LASER 7 Differential climate changes
Co-Chairs Nina Czegledy and Gisèle Trudel
MARCH 12 2019, 7PM
Liz Miller (Department of Communication Studies, Concordia University)
Dan Kneeshaw (Biological sciences, UQAM)
Alexandre Castonguay (École des arts visuels et médiatiques, UQAM)
Biological Sciences Pavillon (SB)
141, avenue du Président-Kennedy
4th Floor, Room SB-4105
Climate change brings new challenges both locally and globally. Climates are dependent on alterations to the atmosphere that store greenhouse gases resulting from human activities which contribute to increased temperatures. Between 1948 and 2014, the average annual temperature in Canada has warmed by 1.6 °C , nearly the double of the global average (Climate change Canada).
In this situation, how is it possible to think and create with differential changes in climates with regard to drought in forests, rising sea levels and variations in temperatures ?
The Shore Line Interactive and Interdisciplinary Encounters
Liz Miller will discuss her interactive documentary, The Shore Line and how the project has fostered interdisciplinary encounters. This collaborative initiative involved students and directors from around the world and uses videos, data visualizations and educational resources to address the combined threats of rising sea levels and unchecked development along global coasts.
When drought is beneficial for forests and other lessons from climate change research
Dan Kneeshaw will discuss his research programme about the influence of climate change on forest growth, which monitors sites across Canada in order to provide continuous real-time measurements. The use of large tree-ring data bases act as proxies of past stresses. Tree-ring cores show that drought stress causes growth reductions in southern regions but in the north where soils are cold and wet, warming and drying can lead to increased growth.
Food for Thought
Alexandre Castonguay will discuss three projects which unravel his approach of « quiet activism » whereby « augmented » dinners are special occasions for guests to share a meal together. Vegan delicacies are served on porcelain plates with tesselated shapes that trace global changes in temperature over the last 150 years. These quasi-objects highlight the offerings while rendering ingestion problematic.
Elizabeth (Liz) Miller is a documentary maker and professor who uses collaboration and interactivity as a way to connect personal stories to larger timely social issues. Her documentary projects on timely issues such as water privatization (The Water Front) gender & environmental justice (Hands On), climate and resilience (The Shore Line) have won international awards, been integrated into educational curricula and influenced decision makers. Her newest project, SwampScapes (http://www.swampscapes.org) is a multi-platform 360 documentary about the Everglades. Liz is a Hexagram member, full professor in Communications Studies at Concordia University and the co-author of Going Public: The Art of Participatory Practice (2017).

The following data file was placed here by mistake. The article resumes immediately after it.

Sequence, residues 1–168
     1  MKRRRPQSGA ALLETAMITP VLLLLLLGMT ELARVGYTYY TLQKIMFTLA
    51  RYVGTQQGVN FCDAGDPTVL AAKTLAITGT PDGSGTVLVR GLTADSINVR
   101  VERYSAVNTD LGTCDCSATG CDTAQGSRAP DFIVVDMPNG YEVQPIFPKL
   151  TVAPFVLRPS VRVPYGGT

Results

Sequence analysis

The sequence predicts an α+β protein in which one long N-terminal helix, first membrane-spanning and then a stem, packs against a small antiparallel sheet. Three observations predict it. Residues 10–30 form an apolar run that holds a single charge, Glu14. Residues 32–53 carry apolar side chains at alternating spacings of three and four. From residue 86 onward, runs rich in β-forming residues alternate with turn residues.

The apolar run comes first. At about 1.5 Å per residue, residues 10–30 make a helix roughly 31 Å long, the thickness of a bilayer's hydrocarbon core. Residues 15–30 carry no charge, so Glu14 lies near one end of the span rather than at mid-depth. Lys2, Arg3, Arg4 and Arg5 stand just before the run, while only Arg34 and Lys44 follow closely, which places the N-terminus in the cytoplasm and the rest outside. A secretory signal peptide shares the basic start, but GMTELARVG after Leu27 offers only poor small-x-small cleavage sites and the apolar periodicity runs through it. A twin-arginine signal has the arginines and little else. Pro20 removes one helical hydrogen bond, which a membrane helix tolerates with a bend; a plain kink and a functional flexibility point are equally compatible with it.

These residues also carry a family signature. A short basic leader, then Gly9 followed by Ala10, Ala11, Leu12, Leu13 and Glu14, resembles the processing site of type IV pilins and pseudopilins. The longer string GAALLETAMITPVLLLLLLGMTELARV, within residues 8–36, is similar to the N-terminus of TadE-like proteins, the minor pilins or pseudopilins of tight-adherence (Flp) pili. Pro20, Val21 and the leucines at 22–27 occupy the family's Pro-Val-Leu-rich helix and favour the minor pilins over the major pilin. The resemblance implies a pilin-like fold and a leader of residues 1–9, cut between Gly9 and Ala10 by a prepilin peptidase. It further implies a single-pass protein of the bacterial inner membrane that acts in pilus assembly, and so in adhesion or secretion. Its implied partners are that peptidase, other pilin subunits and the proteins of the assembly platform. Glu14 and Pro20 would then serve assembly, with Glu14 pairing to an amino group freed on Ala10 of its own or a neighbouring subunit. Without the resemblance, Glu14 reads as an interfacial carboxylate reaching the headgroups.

Daniel Kneeshaw (Centre for forest research, UQAM) is a researcher in forest ecology interested by the influence of natural disturbances (insect oubreaks, fires, windthrows) and climate change (warming and drying) on the growth and survival of forests. He is currently leading a project to instrument monitoring sites across Canada as well as teams studying the effects of droughts and insect outbreaks on forest dynamics. His work is done in the goal of improving and making more resilient forest management techniques.
Darkness designer and príncipe descolonizador, Alexandre Castonguay approaches different artistic forms suggesting modes of exchange and interaction inspired by the relational dynamics of information flows. He is a professor at the École des arts visuels et médiatiques, UQAM and a member of the Hexagram network. His creations have circulated, amongst other places, at Piksel (Norway), the 11th Transmediale (Berlin), the Festival International d’Art Vidéo de Casablanca and Montreal’s Museum of Contemporary Art.
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